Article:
Question: if f and g in Sn are disjoint cycles fg = gf
f = (a1 a2 a3... an)
g = (b1 b2 b3 ... bm)
where ai != bj for any i or j
gf(ai) where i = 1 to n-1
gf(ai) = g(ai+1) = ai+1
fg(ai) = f(ai) = ai+1
thus f and g commute for ai where i = 1 to n-1 this same method can be used to show that f and g commute for an and for bi.
Is there a better way to prove this or to think about it?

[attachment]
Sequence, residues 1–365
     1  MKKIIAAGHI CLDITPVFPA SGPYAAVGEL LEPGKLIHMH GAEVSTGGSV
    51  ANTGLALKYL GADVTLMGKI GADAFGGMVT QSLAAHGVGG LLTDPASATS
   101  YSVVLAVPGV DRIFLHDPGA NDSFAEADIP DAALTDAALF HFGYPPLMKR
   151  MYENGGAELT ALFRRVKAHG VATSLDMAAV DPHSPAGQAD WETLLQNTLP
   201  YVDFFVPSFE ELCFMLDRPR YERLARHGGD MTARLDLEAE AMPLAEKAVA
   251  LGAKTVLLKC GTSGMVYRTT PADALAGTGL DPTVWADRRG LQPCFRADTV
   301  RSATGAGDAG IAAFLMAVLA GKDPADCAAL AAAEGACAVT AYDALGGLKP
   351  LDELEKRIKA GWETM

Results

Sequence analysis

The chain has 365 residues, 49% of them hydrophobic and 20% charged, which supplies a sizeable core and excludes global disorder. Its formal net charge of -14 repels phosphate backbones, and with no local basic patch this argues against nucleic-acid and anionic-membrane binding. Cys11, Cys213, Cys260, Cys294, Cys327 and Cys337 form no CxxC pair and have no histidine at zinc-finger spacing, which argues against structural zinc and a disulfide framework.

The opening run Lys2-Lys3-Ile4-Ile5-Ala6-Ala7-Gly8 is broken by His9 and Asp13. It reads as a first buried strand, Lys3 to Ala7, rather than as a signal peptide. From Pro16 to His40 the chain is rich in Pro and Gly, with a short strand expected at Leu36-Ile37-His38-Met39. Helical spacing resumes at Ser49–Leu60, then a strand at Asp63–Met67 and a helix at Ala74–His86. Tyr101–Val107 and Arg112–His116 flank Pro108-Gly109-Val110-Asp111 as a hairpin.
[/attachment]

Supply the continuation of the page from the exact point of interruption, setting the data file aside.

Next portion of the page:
This not intended to answer the original question. It is an interesting observation I think. Several years ago I saw this question posed a different way. Prove that two permutations commute iff their active sets are disjoint.
The idea being that if an element is active in f it is not in g, and visa versa.